What’s the difference between a fire “district” and a fire “department”?
Generally, a fire department is part of a city or county government, funded through the city’s or county’s general fund, with monies derived from sales, property, and other taxes.
A fire district is a “special” district (defined by California Health & Safety Code 13800), usually independent of any city or county government, funded by a portion of the ad valorem property tax and a special tax assessment on properties within its district.
Fire districts generally provide service to rural and/or unincorporated areas surrounding a city or several cities, although some (like Windsor) provide service within city boundaries as well as to the surrounding unincorporated areas.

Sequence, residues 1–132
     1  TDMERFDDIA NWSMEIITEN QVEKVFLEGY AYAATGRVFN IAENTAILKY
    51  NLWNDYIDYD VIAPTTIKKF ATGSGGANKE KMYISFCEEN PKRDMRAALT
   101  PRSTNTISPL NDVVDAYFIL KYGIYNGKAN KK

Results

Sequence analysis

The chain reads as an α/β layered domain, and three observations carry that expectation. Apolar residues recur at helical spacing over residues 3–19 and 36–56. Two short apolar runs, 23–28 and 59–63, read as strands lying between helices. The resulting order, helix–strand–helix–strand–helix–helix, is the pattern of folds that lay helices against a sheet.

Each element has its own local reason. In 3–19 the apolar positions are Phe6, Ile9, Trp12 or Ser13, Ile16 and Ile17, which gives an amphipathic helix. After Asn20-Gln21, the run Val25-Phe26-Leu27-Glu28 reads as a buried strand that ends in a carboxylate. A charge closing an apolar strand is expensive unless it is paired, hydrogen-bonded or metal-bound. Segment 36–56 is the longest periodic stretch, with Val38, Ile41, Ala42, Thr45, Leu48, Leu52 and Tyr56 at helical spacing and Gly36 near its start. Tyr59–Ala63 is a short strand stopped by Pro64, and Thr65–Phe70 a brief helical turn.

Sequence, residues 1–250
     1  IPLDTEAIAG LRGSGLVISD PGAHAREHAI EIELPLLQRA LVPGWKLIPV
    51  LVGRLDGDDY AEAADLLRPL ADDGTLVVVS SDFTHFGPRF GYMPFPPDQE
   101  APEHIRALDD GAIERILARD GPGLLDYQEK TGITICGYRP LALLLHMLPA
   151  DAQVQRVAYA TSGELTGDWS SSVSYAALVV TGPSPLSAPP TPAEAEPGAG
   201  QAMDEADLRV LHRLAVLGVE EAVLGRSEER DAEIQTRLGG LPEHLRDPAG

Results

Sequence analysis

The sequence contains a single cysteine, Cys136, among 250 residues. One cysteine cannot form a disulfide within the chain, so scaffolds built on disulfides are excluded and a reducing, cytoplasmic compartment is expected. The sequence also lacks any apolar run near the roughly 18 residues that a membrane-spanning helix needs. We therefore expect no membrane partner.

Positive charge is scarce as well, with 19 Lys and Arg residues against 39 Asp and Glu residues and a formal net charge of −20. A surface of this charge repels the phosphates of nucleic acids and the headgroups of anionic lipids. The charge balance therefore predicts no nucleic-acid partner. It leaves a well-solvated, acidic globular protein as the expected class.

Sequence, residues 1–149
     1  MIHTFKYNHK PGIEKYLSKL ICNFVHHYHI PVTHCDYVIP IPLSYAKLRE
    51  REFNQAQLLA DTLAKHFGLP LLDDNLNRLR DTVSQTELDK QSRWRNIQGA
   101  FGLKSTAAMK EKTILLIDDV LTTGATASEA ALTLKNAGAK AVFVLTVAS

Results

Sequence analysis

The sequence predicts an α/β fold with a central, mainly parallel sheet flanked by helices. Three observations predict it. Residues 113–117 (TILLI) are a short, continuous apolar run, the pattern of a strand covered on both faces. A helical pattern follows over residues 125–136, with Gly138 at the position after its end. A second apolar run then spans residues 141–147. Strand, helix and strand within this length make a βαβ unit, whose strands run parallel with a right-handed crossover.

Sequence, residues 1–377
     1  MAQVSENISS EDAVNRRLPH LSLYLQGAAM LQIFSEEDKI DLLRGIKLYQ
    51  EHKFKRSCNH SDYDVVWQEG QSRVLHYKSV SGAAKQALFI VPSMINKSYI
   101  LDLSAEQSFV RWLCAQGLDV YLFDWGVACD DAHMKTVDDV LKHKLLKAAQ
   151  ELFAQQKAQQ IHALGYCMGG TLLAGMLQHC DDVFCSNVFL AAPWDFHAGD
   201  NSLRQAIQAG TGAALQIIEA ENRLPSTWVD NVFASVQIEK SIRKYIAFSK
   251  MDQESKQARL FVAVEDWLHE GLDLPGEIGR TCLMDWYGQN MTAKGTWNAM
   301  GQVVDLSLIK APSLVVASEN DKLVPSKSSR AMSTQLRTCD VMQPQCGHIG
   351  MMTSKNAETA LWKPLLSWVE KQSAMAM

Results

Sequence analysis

What is a “fire authority”?
Typically a fire authority is created when two or more fire service agencies sign a contract, called a Joint Powers Agreement (JPA), that creates one entity that has authority over all of the agencies that are party to the JPA.
Central Fire Authority was formed by a JPA between the Rincon Valley Fire Protection District and the Windsor Fire Protection District in 2011 for the purpose of providing administrative services to both districts. These services include management and administrative support.
Central Fire Authority is not a consolidation of the two fire districts. Each fire district exists separately, with its own revenue stream, employees, budget, equipment, stations, etc.